Keywords

  • polymers
  • fiber
  • composite resin
  • adhesive system
  • acrylic resin
  • dentistry

Published Papers (4 papers)

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Research

14 pages, 2901 KiB  
Article
The Influence of Printing Layer Thickness and Orientation on the Mechanical Properties of DLP 3D-Printed Dental Resin
by Andrei Zoltan Farkas, Sergiu-Valentin Galatanu and Riham Nagib
Polymers 2023, 15(5), 1113; https://doi.org/10.3390/polym15051113 - 23 Feb 2023
Cited by 12 | Viewed by 3720
Abstract
Technological advances are closely related to the development of new materials and their processing and manufacturing technologies. In the dental field, the high complexity of the geometrical designs of crowns, bridges and other applications of digital light processing 3D-printable biocompatible resins is the [...] Read more.
Technological advances are closely related to the development of new materials and their processing and manufacturing technologies. In the dental field, the high complexity of the geometrical designs of crowns, bridges and other applications of digital light processing 3D-printable biocompatible resins is the reason for the need for a deep understanding of the mechanical proprieties and behavior of these materials. The aim of the present study is to assess the influence of printing layer direction and thickness on the tensile and compression proprieties of a DLP 3D-printable dental resin. Using the NextDent C&B Micro-Filled Hybrid (MFH), 36 specimens (24 for tensile strength testing, 12 for compression testing) were printed at different layer angulations (0°, 45° and 90°) and layer thicknesses (0.1 mm and 0.05 mm). Brittle behavior was observed in all specimens regardless of the direction of printing and layer thickness for the tensile specimens. The highest tensile values were obtained for specimens printed with a layer thickness of 0.05 mm. In conclusion, both printing layer direction and thickness influence mechanical proprieties and can be used to alter the materials’ characteristics and make the final printed product more suitable for its intended purposes. Full article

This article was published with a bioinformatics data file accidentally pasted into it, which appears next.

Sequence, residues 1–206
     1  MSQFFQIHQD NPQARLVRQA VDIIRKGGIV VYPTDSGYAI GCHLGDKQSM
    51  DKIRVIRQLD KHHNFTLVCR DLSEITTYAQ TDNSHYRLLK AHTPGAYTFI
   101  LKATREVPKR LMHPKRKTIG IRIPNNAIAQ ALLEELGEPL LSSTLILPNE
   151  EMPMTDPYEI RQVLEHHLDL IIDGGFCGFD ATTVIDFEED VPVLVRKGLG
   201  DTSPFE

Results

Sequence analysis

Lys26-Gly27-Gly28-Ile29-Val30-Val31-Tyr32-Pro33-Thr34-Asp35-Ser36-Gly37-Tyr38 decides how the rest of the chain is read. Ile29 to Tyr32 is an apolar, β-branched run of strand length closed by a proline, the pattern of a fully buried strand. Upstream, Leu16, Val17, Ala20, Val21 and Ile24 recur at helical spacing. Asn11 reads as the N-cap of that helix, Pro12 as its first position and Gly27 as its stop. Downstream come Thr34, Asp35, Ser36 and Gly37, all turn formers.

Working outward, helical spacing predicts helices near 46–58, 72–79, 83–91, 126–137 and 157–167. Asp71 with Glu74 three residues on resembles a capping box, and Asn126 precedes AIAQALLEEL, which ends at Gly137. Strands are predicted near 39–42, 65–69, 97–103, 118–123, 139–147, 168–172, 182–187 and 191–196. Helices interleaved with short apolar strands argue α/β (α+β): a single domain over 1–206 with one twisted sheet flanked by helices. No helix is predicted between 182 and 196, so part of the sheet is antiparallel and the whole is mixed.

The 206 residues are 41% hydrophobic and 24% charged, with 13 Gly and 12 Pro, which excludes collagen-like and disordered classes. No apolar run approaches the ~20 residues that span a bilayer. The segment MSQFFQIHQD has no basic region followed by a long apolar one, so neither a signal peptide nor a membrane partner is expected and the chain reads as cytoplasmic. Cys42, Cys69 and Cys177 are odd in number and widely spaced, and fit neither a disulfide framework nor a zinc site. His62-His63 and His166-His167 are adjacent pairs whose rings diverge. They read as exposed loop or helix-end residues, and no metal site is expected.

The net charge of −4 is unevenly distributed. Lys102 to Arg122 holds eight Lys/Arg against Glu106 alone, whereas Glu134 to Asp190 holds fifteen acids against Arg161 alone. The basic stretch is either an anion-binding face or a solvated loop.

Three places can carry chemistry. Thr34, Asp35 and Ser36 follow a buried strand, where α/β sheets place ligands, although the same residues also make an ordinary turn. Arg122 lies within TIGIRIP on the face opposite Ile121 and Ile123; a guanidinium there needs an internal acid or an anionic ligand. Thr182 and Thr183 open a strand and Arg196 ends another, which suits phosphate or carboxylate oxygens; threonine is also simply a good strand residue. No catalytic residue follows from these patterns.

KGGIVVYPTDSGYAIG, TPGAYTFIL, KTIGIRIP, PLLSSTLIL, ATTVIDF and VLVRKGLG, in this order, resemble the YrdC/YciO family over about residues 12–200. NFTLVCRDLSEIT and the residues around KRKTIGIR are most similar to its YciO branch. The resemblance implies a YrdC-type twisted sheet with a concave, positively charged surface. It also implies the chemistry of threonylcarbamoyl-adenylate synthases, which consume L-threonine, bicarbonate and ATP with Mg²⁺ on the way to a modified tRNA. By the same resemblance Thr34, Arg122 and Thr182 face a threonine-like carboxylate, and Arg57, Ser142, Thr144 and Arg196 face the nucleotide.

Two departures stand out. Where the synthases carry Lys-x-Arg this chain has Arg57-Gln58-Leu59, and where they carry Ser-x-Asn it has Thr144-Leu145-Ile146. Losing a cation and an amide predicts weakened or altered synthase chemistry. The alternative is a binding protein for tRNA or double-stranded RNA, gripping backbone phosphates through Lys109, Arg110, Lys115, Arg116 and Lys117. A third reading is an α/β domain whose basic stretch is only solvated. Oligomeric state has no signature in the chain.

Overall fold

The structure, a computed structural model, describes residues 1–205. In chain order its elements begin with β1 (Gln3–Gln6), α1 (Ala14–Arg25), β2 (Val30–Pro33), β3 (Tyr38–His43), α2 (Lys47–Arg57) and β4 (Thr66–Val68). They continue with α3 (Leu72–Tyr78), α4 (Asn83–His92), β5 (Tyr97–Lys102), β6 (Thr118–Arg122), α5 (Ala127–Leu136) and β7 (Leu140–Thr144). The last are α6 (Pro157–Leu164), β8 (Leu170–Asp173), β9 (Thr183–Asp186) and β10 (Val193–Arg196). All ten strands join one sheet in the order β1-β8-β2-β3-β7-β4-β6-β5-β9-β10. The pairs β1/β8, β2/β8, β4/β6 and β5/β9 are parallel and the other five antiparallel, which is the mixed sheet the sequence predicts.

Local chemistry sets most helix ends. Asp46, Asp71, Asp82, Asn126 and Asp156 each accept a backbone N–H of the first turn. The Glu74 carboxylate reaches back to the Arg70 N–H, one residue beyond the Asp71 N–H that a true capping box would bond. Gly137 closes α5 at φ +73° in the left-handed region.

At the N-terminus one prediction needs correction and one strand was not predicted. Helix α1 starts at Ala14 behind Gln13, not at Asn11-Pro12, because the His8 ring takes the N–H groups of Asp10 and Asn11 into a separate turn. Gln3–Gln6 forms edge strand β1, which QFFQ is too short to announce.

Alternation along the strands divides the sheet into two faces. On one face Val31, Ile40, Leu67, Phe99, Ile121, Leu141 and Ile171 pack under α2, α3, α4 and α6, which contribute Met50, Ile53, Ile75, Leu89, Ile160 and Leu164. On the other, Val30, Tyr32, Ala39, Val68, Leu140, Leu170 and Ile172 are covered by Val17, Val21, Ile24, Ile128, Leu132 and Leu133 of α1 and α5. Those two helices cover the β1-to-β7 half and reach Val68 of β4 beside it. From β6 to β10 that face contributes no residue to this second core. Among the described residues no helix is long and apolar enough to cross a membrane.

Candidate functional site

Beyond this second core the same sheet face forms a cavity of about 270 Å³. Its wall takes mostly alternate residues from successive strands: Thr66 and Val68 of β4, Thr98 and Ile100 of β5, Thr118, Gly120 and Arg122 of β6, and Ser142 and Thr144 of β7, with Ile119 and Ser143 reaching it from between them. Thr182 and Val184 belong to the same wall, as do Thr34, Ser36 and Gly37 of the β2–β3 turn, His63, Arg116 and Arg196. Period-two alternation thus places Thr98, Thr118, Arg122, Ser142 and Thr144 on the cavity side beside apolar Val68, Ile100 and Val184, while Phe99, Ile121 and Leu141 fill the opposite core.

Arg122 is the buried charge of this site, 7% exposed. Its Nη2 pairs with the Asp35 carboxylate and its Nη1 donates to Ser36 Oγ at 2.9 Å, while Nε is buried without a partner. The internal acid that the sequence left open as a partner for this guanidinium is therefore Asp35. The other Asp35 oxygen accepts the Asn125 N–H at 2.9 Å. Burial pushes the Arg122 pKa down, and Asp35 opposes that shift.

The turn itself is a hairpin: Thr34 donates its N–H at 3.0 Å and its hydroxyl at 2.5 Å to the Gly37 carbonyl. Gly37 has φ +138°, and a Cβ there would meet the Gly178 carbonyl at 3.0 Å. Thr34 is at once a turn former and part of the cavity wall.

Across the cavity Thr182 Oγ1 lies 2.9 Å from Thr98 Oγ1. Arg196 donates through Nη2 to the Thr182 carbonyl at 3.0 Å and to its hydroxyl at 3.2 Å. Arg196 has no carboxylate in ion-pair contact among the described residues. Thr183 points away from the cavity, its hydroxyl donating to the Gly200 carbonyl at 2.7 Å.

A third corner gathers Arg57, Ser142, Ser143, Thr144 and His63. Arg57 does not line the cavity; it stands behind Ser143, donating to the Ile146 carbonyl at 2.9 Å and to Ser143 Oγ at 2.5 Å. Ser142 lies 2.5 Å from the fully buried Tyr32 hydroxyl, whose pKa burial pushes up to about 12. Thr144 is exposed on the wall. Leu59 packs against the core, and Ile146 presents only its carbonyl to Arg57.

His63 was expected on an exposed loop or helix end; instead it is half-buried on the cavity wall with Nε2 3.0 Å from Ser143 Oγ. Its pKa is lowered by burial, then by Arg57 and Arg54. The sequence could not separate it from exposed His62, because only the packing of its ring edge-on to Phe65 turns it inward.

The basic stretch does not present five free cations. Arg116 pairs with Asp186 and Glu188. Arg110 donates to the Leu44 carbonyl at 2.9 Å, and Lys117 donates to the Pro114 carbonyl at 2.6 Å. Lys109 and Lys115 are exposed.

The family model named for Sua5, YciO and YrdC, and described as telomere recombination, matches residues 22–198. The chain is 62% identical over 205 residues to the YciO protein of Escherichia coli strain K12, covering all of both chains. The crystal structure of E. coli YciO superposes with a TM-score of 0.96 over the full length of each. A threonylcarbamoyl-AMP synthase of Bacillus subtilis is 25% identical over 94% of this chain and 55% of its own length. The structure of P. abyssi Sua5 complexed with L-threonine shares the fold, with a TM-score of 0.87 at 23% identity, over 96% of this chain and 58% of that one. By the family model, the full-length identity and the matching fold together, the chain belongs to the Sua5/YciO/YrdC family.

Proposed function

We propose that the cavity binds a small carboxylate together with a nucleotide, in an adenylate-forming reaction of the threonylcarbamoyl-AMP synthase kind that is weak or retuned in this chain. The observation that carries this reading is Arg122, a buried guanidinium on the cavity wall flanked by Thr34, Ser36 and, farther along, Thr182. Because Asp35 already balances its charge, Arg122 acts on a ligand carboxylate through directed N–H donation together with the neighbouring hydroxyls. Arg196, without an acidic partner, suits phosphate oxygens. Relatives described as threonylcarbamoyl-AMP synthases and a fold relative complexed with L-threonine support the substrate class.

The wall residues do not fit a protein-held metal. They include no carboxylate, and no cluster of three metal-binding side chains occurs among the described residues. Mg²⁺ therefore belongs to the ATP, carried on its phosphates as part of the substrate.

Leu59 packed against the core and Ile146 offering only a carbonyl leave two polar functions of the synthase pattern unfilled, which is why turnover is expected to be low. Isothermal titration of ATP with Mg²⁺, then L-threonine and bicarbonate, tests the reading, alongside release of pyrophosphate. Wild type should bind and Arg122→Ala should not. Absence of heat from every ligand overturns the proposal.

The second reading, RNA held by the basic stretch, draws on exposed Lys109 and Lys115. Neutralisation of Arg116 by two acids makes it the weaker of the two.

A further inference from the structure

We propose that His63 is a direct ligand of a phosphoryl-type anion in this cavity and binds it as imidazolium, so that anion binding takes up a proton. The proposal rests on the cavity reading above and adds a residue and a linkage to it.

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12 pages, 26832 KiB  
Article
FEM Analysis of Individualized Polymeric 3D Printed Guide for Orthodontic Mini-Implant Insertion as Temporary Crown Support in the Anterior Maxillary Area
by Riham Nagib, Andrei Zoltan Farkas and Camelia Szuhanek
Polymers 2023, 15(4), 879; https://doi.org/10.3390/polym15040879 - 10 Feb 2023
Cited by 4 | Viewed by 1713
Abstract
Either due to trauma, extraction or congenital factors, the absence of teeth has aesthetic, functional, financial and psychological consequences. The aim of the current study is to assess an individualized polymeric 3D printed digitally planned surgical guide designed to achieve precision and predictability [...] Read more.